The announcement of a landmark Iran nuclear deal quickly split the Hill on partisan lines, as press secretaries hit "send" with scant time for lawmakers or aides to read through the whole agreement, which stretches to nearly 160 pages including annexes.
Congress now has 60 days to view the Iran nuclear deal and vote to approve, disapprove, or take no action. In a speech Tuesday morning, President Obama promised he would veto legislation that would prevent the implementation of the deal, meaning that Congress would need to get a two-thirds majority—a very tall order—to keep congressional sanctions in place.
The deal would provide billions of dollars in sanctions relief for Iran. In exchange, Tehran would submit to new uranium limits and inspection protocols, which would lengthen the country's "breakout time" from a few months to a year for at least a decade. Obama stressed Tuesday that the deal is better than the alternative.
"Consider what happens in a world without this deal," he said. "Without this deal, there is no scenario where the world joins us in sanctioning Iran until it completely dismantles its nuclear program. ... Such a scenario would make it more likely that other countries in the region would feel compelled to pursue their own nuclear programs, threatening a nuclear arms race in the most volatile region of the world."
The White House has already begun its lobbying effort, which will intensify as the week goes on. On Wednesday, Vice President Joe Biden will brief House Democrats on the deal at a meeting that was requested by House Minority Leader Nancy Pelosi.
Some key members of the Senate Foreign Relations Committee, including Chairman Bob Corker and Democratic Sens. Ben Cardin and Christopher Coons stressed the need for a prompt review, although Corker, a Republican, added that he starts "from a place of deep skepticism." Senate Majority Leader Mitch McConnell promised hearings and said the administration approached the talks from a "flawed perspective: reaching the best deal acceptable to Iran, rather than actually advancing our national goal of ending Iran's nuclear program."
But others were quicker on the trigger. Nebraska Sen. Ben Sasse, a freshman Republican, said the administration, "just lit the fuse for a nuclear arms race in the Middle East" in a press statement sent out about two hours before Obama announced a deal, based upon reports that he would. After the president's speech, House Speaker John Boehner said it was "likely" to fuel a arms race across the world as well. And GOP Sen. Marco Rubio of Florida, a presidential candidate and member of the Foreign Relations Committee, predicted that the GOP-led Congress would vote to disapprove the deal.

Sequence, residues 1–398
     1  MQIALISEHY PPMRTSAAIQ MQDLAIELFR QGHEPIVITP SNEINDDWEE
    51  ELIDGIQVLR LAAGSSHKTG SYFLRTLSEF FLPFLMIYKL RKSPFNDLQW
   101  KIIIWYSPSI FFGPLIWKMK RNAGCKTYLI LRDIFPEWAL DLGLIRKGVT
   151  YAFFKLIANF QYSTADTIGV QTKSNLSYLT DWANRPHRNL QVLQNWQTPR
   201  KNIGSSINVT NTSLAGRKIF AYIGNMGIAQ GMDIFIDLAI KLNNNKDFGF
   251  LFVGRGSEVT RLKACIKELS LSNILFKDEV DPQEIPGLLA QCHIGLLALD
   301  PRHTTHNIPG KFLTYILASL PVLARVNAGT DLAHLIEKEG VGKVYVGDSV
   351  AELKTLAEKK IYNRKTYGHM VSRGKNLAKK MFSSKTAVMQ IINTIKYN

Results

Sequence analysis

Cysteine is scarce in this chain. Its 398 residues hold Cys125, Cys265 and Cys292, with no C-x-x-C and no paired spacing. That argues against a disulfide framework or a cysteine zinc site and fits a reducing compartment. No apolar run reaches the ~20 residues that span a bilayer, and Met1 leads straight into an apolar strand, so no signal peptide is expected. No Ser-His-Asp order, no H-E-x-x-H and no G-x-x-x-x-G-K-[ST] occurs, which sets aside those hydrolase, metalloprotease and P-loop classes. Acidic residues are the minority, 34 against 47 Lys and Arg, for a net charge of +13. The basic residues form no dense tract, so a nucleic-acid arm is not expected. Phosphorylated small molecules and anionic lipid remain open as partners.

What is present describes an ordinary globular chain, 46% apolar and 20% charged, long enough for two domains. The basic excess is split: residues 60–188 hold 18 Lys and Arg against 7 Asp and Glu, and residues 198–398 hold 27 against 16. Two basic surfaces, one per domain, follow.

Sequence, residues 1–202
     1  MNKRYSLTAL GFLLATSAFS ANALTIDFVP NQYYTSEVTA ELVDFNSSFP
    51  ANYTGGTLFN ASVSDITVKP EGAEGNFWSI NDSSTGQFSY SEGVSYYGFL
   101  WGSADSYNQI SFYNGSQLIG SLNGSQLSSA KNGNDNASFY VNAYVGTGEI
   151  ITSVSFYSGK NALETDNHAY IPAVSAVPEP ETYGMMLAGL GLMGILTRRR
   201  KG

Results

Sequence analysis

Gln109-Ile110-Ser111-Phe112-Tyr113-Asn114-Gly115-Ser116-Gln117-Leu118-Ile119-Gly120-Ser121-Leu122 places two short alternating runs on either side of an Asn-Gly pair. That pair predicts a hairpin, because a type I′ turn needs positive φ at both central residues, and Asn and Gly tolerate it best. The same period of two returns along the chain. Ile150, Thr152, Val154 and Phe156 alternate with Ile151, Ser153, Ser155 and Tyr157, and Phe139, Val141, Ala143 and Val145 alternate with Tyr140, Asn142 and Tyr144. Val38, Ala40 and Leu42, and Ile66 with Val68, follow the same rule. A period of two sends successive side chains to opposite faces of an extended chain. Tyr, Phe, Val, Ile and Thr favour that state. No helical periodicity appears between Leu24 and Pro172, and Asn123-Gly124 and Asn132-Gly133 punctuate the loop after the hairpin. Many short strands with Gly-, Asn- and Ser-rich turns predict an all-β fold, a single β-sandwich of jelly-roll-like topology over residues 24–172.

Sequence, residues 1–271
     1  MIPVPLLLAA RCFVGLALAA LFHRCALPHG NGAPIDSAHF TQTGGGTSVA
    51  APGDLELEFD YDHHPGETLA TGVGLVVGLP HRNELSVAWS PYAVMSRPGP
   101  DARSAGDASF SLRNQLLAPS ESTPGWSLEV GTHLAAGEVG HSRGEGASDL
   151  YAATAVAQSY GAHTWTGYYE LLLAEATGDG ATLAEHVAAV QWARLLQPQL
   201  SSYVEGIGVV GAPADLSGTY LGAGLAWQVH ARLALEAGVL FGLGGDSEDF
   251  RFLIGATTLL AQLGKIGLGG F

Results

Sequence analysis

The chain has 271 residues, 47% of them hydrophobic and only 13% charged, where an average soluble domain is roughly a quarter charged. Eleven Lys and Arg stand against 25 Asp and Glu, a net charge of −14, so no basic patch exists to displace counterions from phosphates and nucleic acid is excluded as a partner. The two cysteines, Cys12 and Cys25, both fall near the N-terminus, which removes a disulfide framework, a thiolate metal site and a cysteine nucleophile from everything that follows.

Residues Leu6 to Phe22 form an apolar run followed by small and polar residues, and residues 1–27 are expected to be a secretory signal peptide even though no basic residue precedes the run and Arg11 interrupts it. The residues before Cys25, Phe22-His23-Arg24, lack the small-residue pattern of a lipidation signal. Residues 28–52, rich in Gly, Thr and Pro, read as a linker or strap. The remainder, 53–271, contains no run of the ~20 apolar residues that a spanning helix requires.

"Based on what we know thus far, I believe that this deal undermines our national security," said Rubio in a statement. "President Obama has consistently negotiated from a position of weakness, giving concession after concession to a regime that has American blood on its hands, holds Americans hostage, and has consistently violated every agreement it ever signed. I expect that a significant majority in Congress will share my skepticism of this agreement and vote it down."
Some Democrats have already embraced the deal, and Pelosi and Senate Democratic Leader Harry Reid called it "historic."
"Today's historic accord is the result of years of hard work by President Barack Obama and his administration," said Reid in a statement. "The world community agrees that a nuclear-armed Iran is unacceptable and a threat to our national security, the safety of Israel and the stability of the Middle East. Now it is incumbent on Congress to review this agreement with the thoughtful, level-headed process an agreement of this magnitude deserves."
And Sen. Dianne Feinstein, the top Democrat on the Intelligence Committee, gave a clear endorsement to the deal.
"This is a strong agreement that meets our national security needs and I believe will stand the test of time. I stand behind the U.S. negotiating team and will support this agreement in the Senate," Feinstein said.
Delaware Democratic Sen. Tom Carper, meanwhile, noted that "none" of his colleagues had actually read the agreement yet. "To the harshest critics among us, let me say this," said Carper. "Cool your jets."
This article has been updated.
Daniel Newhauser contributed to this article
This article is from the archive of our partner National Journal.
Alex Rogers covers Congress as a staff correspondent for National Journal. He previously worked as a political reporter at TIME. He is a native of Bethesda, Maryland and a graduate of Vanderbilt University.